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Help Solve This Linear Equation

  1. Oct 9, 2009 #1
    1. I thought I was doing it right, but Quest said I have to wrong answer. Can some one solve it in steps and produce a final answer so I can compare?

    Tan 58=(vi-ayt)/axt

    where vi=5.6
    ay=-9.8
    ax=2.1

    solve for t.

    I got 0.87 for t.




    Thank you.
     
  2. jcsd
  3. Oct 9, 2009 #2

    rl.bhat

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    Can you post the actual problem? You have given formula without any information.
     
  4. Oct 9, 2009 #3
    Initially (at time t = 0) a particle is moving vertically at 5.6 m/s and and horizontally at 0 m/s. The particle accelerates horizontally at 2.1 m/s2 . The acceleration of gravity is 9.8 m/s2 . At what time will the particle be traveling at 58◦ with respect to the horizontal?

    Sorry about that.
     
  5. Oct 9, 2009 #4

    rl.bhat

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    The horizontal distance traveled = 1/2*ax*t^2
    Similarly what is the vertical distance traveled?
     
  6. Oct 9, 2009 #5
    d=1/2*ay*t^2

    ?
     
  7. Oct 9, 2009 #6

    rl.bhat

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    No.
    y = Vo*t - 0.5*g*t^2
     
  8. Oct 9, 2009 #7
    Okay, so what do I do with those equations? My prof said it should be as easy as Tan 58=(vi-ayt)/axt
    and whether you need to break that down more or not, I don't know.
     
  9. Oct 9, 2009 #8
    What did you do to get t = 0.87?

    If you substitute it into the equation you get tan 58 = -1.60, while in reality tan 58 = 1.60,
    so I think there's a sign error somewhere
     
  10. Oct 9, 2009 #9
    vi-at=tan 58 (at)
    -(-9.8)t=tan58(2.1)t-5.6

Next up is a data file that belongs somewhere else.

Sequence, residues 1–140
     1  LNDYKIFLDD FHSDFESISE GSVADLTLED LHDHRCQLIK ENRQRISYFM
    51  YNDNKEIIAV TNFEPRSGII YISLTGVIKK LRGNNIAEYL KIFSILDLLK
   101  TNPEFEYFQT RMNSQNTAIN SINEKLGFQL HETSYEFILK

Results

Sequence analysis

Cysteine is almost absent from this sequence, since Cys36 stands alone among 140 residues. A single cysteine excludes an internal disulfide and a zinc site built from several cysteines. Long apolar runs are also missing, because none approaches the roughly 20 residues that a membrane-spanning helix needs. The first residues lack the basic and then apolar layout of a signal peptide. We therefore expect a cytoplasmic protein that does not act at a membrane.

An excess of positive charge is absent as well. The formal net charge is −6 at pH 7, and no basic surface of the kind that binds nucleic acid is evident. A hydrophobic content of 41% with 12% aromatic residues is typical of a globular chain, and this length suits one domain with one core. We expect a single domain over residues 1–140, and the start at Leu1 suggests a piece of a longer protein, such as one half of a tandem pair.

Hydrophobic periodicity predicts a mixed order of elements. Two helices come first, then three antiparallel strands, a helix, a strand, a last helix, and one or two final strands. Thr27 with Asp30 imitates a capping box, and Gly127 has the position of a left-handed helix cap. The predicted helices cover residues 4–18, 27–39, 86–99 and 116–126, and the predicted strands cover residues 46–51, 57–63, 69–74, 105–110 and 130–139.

9.8t=3.36t-5.6
    6.44t=-5.6
    t=0.87

    but time cant be negative..?
     
  11. Oct 9, 2009 #10

    rl.bhat

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    This formula is wrong. It should be
    Tanθ = (2vi -ayt)/axt
     
  12. Oct 9, 2009 #11
    so i get -1.74=t

    do we just take the absolute value for the time? or have I made another mistake
     
  13. Oct 9, 2009 #12
    you replace a_x and a_y both by a here wich is confusing.
    You made a sign error when moving 5.6 to the right side.
    Another problem that i can see now is that when replacing [itex] v_y [/itex] with[itex] (v_i-a_yt) [/itex] to get your original equation this minus sign already accounted for the fact that gravity would be in the negative y direction. So you should substitute g = 9.8 here, and not g = -9.8
    If your prof really gave you that exact equation with [itex] a_y [/itex] instead of g that would
    be highly misleading, if not wrong.
     
  14. Oct 9, 2009 #13
    Yes, and as a result I have spent a week being confused by this problem...
     
  15. Oct 9, 2009 #14

    rl.bhat

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    Instead of giving the answer, it will be better to show the actual calculations by substituting the values. You can rewrite the expression as
    tan58 = Vo/ax*t - ay/ax. Now solve for t.
     
  16. Oct 9, 2009 #15
    Where do you get the 2 from? The equation comes from [tex] tan(58) = \frac { v_y} {v_x} [/tex]

    you just substitute [itex] v_y = v_i - gt [/itex] and [itex] v_x = a_x t [/itex] into it
     
  17. Oct 9, 2009 #16
    okay, so using that I get t=0.426s
     
  18. Oct 9, 2009 #17

    rl.bhat

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    In the problem, the time at which position of the particle makes an angle 58 degrees to the horizontal, is required.
     
  19. Oct 10, 2009 #18
    That is not how I interpret this sentence

     
  20. Oct 10, 2009 #19

    rl.bhat

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    In that case it should be " the net velocity in the direction 58 degrees to the horizontal." And I feel, in the problem position is more appropriate than the velocity.
     
  21. Oct 10, 2009 #20
    Instead of giving the answer, it will be better to show the actual calculations by substituting the values. You can rewrite the expression as
    tan58 = Vo/ax*t - ay/ax. Now solve for t.

    This formula gave me the right answer.
     
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